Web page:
- Neelys Landing man shot, killed by highway patrol trooper after traffic stop (05/01/16)43
- Cape student sues, accuses school officials of slamming her to ground multiple times (04/28/16)49
- Missouri House votes to allow concealed weapons without permits (04/28/16)8
- River Ridge Winery changes hands (05/02/16)
- Police report filed, but no charges in incident at Cape Central (04/29/16)40
- 2016 All-Missourian Boys Basketball (04/29/16)
- Statement: Man says cops’ good work drove him to grow his own marijuana (05/01/16)1
- Bob Evans restaurant in Cape Girardeau among chain's 21 closings (04/26/16)9
- Senator introduces bill for I-57 that would connect Sikeston with Little Rock (04/28/16)4
- Hopper Road to close for months during construction of Veterans Drive (04/27/16)9
Prisoners make Christmas gifts for communities
PACIFIC, Mo. -- A prison is an unusual spot to find a Santa's workshop, a room where the walls are lined with hand-stitched quilts, the tables loaded with colorful stuffed animals and inmate-recorded books on tape for children.
Prisoners at Missouri Eastern Correctional Center, all men, have spent months making holiday gifts by hand. On Friday, they donated those items to charitable organizations under a program called Restorative Justice.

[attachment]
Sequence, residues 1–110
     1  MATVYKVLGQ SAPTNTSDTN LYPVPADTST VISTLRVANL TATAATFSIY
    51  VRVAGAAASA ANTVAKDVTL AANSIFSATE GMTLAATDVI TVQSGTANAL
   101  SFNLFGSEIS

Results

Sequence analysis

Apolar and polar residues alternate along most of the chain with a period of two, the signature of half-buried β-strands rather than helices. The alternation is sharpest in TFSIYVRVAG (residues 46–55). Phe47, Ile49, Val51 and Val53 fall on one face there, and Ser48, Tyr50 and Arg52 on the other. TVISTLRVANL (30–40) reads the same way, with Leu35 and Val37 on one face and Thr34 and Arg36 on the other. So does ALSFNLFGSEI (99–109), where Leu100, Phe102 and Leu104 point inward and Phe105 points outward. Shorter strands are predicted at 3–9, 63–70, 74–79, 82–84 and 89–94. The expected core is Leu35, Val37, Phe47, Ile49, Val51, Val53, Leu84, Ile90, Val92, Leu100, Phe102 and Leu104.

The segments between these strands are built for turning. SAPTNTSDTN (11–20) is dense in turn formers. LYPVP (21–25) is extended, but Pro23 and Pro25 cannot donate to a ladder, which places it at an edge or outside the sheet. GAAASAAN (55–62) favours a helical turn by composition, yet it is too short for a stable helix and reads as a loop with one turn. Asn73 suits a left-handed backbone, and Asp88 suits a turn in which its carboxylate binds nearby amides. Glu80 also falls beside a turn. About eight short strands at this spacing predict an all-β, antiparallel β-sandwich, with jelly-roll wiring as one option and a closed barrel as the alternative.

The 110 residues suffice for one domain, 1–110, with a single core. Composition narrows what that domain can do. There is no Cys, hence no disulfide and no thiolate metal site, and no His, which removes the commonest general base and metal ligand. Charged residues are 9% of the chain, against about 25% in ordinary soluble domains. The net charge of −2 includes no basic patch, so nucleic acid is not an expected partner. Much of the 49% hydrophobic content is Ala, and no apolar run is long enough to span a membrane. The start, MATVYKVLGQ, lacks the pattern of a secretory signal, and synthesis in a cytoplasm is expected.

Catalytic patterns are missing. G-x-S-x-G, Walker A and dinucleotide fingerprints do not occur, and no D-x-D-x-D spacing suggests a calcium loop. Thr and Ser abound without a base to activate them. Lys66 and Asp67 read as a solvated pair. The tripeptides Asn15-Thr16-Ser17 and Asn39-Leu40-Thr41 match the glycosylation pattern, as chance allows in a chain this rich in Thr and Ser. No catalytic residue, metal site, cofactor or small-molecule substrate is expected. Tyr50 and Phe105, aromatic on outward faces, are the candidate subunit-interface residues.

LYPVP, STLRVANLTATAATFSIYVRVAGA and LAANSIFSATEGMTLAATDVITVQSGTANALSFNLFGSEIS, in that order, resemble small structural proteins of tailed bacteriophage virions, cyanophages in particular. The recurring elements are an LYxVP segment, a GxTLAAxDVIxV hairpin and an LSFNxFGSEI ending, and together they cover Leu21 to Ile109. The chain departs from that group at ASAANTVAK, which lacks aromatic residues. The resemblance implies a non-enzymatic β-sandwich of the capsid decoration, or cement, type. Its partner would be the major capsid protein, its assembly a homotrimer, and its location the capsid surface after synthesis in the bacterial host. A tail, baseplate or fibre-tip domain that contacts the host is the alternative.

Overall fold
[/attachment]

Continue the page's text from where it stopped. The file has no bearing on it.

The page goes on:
The program emphasizes accountability by inmates and sets up ways they can assist their communities.
At this medium-to-high security jail about 30 miles outside of St. Louis, inmates have stitched together quilts, laundry bags and stuffed animals. Because the men couldn't have scissors, volunteers help them by cutting out fabric shapes in advance.
The inmates filled cosmetic bags with donated toiletry items and created book-on-tape libraries by reading aloud children's books.
Roger Nolan, 54, and Christopher Prosser, 36, both behind bars for murder, are among those who have become most active with the program.
Nolan, who helps coordinate the quilting effort, said time and again he's seen inmates approach the sewing room's door, peek inside and walk away.
"They'll call us ladies and stuff like that," he said. Then many give it a try and find the work satisfying.
"They don't have to put on a phony front," he said. "They don't have to be a tough guy."
"So now we've got a room full of tough guys quilting," Prosser said. He believes most inmates want to do something to show they're sorry.
And, he said, doing something charitable gives inmates a boost, too. "It's a huge element in uplifting someone's integrity and their self-worth."
The Restorative Justice program is in prisons throughout Missouri. At Eastern, inmates have logged 16,000 hours making their donations. Several who completed mandatory hours have continued beyond the required time, officials said.